Nick Frey awardees

Consumer demand still good, but slowing; prices at record highs

The state of the local wine industry continues to be strong with promises of good times for grape growers and stable winegrape prices heading into another year. But, as with all farming endeavors, industry experts last week inserted cautionary remarks in their presentations at the Sonoma County Winegrowers 27th annual Dollars and Sense seminar and tradeshow.

“There’s not a yellow caution flag out there yet,” said Brian Clements, of Turrentine Grape Brokerage, “but I would urge everyone (growers) to contract smartly.”

Clements and other speakers all predicted a great market for selling Sonoma County grapes and finished wines during 2018, with a strong consumer demand and profitable prices at all levels of the premium wine market.

About the only dark cloud foreseen was the potential impact of misinformed publicity about the North Bay wildfire impact on the 2017 vintage. Winegrowers president Karissa Kruse and others warned that more marketing work would be needed to counter the false news about smoke-tainted wines and losses of crop.

“It’s true some people lost houses and worse, but the vineyards and overall industry was barely touched,” said Clements.

The winegrowers saluted the 547 individuals who contributed a total of $700,000 to fire relief efforts throughout Sonoma County as awardees of the annual Nick Frey Community Contribution Award.

Kruse announced that 72 percent of the Winegrowers’ 1,800 members had achieved sustainable agriculture certification, up from 60 percent the previous year. It also was announced that the winegrowers have partnered with Sonoma State University to raise $220,000 for wine industry student scholarships after awarding 600 scholarships last year totaling $100,000.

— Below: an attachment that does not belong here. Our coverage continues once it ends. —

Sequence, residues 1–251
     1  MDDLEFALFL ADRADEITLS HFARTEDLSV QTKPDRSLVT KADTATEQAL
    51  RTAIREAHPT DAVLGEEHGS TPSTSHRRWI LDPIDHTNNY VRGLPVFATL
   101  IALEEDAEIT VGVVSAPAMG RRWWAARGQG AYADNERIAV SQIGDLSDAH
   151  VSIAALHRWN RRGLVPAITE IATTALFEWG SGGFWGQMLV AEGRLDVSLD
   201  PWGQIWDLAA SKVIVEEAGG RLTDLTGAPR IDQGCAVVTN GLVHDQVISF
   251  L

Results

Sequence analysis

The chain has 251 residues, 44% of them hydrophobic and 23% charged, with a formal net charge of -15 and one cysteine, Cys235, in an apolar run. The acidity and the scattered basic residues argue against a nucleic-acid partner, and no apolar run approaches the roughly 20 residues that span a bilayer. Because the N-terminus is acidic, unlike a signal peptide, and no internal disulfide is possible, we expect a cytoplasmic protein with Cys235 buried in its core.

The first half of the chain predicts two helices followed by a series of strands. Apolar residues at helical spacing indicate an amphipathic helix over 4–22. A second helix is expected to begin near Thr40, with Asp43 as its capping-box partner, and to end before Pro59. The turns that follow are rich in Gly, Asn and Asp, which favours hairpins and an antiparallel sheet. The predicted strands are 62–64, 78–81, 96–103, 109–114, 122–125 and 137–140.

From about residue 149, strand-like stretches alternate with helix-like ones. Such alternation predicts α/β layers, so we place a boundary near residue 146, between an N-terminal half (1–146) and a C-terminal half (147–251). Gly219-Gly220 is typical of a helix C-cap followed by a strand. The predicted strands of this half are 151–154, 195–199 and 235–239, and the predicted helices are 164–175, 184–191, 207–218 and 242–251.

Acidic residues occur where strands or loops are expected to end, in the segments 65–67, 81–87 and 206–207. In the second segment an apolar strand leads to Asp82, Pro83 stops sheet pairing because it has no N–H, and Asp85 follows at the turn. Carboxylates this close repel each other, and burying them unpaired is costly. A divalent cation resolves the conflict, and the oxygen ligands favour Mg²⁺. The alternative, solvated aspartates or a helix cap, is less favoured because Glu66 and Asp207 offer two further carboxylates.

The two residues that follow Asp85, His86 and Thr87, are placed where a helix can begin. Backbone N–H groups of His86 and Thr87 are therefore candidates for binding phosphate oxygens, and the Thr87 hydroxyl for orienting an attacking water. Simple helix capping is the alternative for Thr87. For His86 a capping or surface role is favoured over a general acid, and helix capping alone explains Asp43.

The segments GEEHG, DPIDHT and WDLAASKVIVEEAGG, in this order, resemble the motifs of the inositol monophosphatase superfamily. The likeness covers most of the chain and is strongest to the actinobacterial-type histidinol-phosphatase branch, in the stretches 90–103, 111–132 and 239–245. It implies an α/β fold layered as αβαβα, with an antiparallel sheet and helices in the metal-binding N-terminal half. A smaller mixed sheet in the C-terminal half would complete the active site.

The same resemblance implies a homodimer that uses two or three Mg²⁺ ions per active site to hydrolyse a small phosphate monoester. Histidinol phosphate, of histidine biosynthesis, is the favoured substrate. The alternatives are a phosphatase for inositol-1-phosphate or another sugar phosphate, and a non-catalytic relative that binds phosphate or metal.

Sonoma County grape growers compete in international markets to sell their crops and continue to face increased competition from other regions such as Oregon, Central Coast, New Zealand and beyond.

Rob McMillan, of Silicon Valley Bank, reminded the local growers they are in a business and marketplace with very long business curves. He pointed out that the past few years of heavy harvest yields and strong consumer demands are probably getting ready to change and trend down.

“Right now is great for growers but very tough on wineries,” added Clements. At the same time both men predicted record high prices in 2018 for Sonoma County pinot noir and cabernet sauvignon grapes.

Sonoma County has almost 60,000 acres of winegrape vineyards that produced $568 million in growers’ sales in 2016.

A big part of the Winegrowers group mission rests in marketing. Last week they launched a new wine bottle logo designating wines made from sustainably farmed grapes which will debut on Ferrari-Carano and Dutton Estate wines this year.

“We’re growing the future,” and “Love the land and the land loves you” are parts of the group’s marketing messages for the new year. The largest portion of the 1,800-member group are represented by smaller-sized vineyard owners and family businesses.

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